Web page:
Conservation medicine is the day-to-day medical care of the many species and individual animals at Omaha’s Henry Doorly Zoo and Aquarium. With this practice comes a wide range of sciences and disciplines.
The veterinary medical team at Omaha’s Henry Doorly Zoo and Aquarium works with vision and enthusiasm to advance the science of conservation medicine and to provide the information needed to ensure excellent care for the animals in zoos around the world as well as in their natural habitat. Along with an extensive preventative medicine and wellness programs for Omaha's Henry Doorly Zoo and Aquarium’s animal collection, ongoing research is an intrinsic part of conservation medicine and may, in the end, be one of the most important contributions to the conservation of endangered species.
The veterinary staff and their research counterparts in the Center for Conservation and Research at Omaha’s Henry Doorly Zoo and Aquarium have worked on a range of projects investigating such topics as West Nile vaccination protocols, successful reproduction techniques in big cats and nutrition requirements in amphibians.
Omaha’s Henry Doorly Zoo and Aquarium’s medical team is a leader in the investigation of new and currently unsolved disease issues in exotic and endangered species. An example of this is the ongoing study of heart disease in male gorillas. The Zoo, working with local collaborators in the medical community, as well as other zoological institutions, has significantly advanced our understanding of cardiac disease in gorillas.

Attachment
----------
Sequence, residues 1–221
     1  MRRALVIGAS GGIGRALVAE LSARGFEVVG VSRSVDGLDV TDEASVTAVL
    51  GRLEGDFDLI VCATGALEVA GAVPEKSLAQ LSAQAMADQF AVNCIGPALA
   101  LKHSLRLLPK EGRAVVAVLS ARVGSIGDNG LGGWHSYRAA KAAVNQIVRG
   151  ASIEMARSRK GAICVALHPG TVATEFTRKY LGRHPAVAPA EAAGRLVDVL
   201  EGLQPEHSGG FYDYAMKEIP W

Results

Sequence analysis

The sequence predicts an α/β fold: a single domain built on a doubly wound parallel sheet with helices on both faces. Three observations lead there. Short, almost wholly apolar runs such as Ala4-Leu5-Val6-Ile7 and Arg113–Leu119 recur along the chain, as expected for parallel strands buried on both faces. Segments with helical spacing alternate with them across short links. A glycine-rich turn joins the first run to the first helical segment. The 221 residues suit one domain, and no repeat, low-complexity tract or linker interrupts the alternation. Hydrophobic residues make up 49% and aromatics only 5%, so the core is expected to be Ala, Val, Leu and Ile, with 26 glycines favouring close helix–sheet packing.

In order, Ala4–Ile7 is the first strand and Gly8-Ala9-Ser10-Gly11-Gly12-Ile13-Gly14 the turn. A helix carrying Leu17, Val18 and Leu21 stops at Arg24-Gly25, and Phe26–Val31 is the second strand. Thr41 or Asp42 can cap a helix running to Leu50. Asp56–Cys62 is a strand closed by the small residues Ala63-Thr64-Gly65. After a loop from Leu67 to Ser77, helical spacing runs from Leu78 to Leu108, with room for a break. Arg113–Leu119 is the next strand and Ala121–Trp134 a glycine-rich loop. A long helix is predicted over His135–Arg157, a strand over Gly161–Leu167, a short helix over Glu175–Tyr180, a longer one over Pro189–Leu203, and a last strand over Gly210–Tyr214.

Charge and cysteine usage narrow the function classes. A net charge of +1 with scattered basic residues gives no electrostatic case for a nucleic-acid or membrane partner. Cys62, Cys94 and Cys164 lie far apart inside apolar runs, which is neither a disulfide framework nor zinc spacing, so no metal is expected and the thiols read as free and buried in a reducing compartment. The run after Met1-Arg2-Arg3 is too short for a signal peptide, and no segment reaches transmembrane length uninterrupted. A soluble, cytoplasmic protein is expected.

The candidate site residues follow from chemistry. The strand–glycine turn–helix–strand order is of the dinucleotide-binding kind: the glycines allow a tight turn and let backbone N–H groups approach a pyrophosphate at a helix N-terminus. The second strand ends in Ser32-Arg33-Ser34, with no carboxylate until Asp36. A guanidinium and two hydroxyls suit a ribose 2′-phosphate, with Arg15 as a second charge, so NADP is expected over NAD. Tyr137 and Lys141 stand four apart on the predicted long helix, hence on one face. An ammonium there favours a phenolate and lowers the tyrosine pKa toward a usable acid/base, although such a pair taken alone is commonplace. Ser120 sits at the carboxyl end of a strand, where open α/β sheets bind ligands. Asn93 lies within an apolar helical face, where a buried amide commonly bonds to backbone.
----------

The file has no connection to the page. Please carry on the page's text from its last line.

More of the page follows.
We have worked extensively with conservation initiatives in the field around the world, to help make those programs more effective in protecting animals in their native habitat. Much of this work has involved the development and evaluation of new anesthetic protocols in hoofstock and big cats. The team at Omaha’s Henry Doorly Zoo and Aquarium has been instrumental in the investigation of improved techniques for the immobilization of large ruminants such as gaur. We have worked extensively to improve anesthetic protocols for great apes, including gorillas and for big cats such as lions and tigers. Anesthetic techniques developed at Omaha’s Henry Doorly Zoo and Aquarium are utilized in field programs to immobilize Amur tigers in Russia and lions in Africa for radio collaring, blood sampling and for disease surveys and other conservation activities.
The conservation medicine team at Omaha’s Henry Doorly Zoo and Aquarium strives to provide the best medical programs possible for the animals in our care and to advance the science of conservation medicine whenever possible.